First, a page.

Lest you think America’s electoral process is too complicated, inefficient, or silly, allow me to dazzle you with China’s process for selecting leadership. From CNN:
More than 2,200 delegates from across China are in attendance at the congress this week. The congress itself meets every five years. It is designed to assess the country’s progress, and set new directions. Every 10 years it selects the new leadership.
The delegates will pick the roughly 200 members of the party’s Central Committee, about three-quarters of whom are expected to be replaced, mostly because of their age.
The Central Committee chooses the members of the Politburo, from which the powerful Politburo Standing Committee is selected. The handful of leaders who make up the Standing Committee are China’s top decision makers.
None of these people are elected or accountable to society in any way. They are nameless bureaucrats of the communist system; cogs in the machine.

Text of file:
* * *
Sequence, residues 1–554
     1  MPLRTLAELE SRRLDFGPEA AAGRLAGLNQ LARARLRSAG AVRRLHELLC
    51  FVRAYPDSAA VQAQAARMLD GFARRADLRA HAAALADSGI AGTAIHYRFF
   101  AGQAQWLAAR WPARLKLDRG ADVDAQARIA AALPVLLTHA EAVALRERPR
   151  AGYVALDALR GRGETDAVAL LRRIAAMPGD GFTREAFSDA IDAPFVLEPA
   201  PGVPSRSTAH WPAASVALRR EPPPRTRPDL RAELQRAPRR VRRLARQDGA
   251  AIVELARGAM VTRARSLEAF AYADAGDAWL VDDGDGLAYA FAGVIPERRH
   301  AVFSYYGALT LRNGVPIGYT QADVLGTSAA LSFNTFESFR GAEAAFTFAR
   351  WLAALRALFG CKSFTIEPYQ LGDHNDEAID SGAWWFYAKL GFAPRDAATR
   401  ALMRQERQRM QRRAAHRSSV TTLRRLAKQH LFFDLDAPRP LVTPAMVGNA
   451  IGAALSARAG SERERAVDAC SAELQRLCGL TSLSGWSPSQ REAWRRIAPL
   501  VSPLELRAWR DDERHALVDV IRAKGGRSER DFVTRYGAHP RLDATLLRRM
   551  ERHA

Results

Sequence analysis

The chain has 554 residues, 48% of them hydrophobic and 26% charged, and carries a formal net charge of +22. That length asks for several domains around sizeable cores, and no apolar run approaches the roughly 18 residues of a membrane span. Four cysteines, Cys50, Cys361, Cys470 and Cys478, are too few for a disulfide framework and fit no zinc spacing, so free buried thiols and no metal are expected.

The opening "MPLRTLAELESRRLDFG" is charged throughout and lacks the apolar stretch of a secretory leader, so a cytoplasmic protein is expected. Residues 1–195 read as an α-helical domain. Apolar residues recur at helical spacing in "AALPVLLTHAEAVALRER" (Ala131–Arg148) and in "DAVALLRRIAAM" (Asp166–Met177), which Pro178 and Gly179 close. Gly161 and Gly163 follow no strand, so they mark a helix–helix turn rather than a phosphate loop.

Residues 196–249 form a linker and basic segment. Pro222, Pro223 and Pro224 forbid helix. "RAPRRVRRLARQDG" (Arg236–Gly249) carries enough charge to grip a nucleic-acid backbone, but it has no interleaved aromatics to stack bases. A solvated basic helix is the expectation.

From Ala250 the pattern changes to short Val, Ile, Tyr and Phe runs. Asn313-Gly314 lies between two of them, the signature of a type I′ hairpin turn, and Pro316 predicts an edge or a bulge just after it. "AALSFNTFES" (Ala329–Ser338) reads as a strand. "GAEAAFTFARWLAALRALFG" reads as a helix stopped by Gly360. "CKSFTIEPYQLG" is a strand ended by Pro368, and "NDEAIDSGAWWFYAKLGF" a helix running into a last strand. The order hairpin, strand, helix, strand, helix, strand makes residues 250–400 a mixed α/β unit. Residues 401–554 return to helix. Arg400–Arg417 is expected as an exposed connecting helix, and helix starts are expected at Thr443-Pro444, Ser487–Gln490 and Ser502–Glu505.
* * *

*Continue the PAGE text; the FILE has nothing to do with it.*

There will be no frenzy of exit polls and ballot counting. The major outcomes of the ruling Communist Party’s 18th National Congress, as the event is known, have been determined in advance after months of secretive maneuvering and deal-making among senior party figures.
The method may be arcane, but the result matters for China’s 1.3 billion citizens and for countries around the globe like the United States that are trying to decipher what the Asian giant’s growing international clout means for them.
The only problem is, nobody’s sure exactly what China’s new top brass will do once they have assumed power.
During the race for the White House in the United States, President Barack Obama and Gov. Mitt Romney eagerly brandished their credentials for getting tough on China, with Obama citing trade suits he’d filed and Romney promising to label Beijing a currency manipulator.
China’s prospective leaders, however, are a great deal more circumspect about their policies — both domestic and international — often speaking in broad, ambiguous terms.
“Chinese leaders don’t rise to the top telegraphing what changes they’ll do,” said Bruce J. Dickson, a political science professor at George Washington University’s Elliott School of International Affairs. “They rise to the top showing how loyal they are to the incumbent. What they’ll do when they rise to the top — that’s the big question.”